Understanding the Fee Agreement

If you think you have found the “right lawyer,” you will want a written fee agreement. Unless you sign a written fee agreement at the outset, the probability of your having an amicable conclusion to your relationship is zero. Ask for a copy of the attorney’s fee agreement. As with all documents, make sure that you understand it fully before you sign it. No reputable attorney will pressure you to accept a fee agreement on the spot.

Creating a Working Relationship

After your interview, take time to consider whether you would be comfortable in working with this person as your lawyer. Ask yourself whether or not she or he gave you clear and direct information. Will they be available in an emergency? Consider if the attorney spoke knowledgeably and with a minimum of legal terms. Think about whether this lawyer understood and shared your goals. As a client will you be a co-participant or will the lawyer be making all the decisions? Did the attorney give you his/her home phone number if you have an emergency?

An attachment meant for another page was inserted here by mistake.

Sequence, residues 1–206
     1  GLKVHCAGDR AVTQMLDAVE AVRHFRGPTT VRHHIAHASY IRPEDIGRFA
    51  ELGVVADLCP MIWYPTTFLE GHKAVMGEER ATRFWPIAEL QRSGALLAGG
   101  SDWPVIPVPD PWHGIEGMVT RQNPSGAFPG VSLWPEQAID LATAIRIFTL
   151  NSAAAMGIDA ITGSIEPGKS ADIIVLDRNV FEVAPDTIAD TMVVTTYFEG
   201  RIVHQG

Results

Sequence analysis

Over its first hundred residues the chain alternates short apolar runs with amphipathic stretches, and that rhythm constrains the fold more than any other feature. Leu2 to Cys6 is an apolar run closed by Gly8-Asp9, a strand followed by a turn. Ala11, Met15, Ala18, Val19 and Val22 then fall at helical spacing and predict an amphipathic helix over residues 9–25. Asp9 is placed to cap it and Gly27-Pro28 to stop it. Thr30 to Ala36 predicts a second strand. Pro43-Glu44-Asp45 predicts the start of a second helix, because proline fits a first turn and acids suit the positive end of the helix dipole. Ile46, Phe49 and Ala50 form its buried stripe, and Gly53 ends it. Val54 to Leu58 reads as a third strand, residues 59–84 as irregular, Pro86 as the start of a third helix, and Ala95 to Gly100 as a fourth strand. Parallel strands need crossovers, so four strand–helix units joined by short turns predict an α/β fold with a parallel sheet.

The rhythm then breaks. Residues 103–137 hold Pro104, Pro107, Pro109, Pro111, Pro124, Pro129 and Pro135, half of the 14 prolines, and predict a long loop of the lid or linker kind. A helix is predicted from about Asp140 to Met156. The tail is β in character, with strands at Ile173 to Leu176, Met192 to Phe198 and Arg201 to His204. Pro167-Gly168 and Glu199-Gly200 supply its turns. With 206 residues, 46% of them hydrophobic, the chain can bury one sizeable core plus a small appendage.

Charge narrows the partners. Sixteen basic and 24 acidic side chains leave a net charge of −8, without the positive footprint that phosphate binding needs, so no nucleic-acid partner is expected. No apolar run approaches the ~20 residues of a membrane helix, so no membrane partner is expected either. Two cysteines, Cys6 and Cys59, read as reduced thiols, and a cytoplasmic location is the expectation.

The importance of creating a comfortable working relationship with your lawyer cannot be underestimated. The road to obtaining the legal services you are seeking may be long, and it will take a considerable amount of teamwork to get there. If you make the commitment to find an experienced lawyer with whom you can work jointly, you will be well on your way to the best possible result.

If you or a family member have been wrongfully injured call us at 1.888.777.1776 or use this form, delays can hurt your case, so please don’t hesitate to contact us.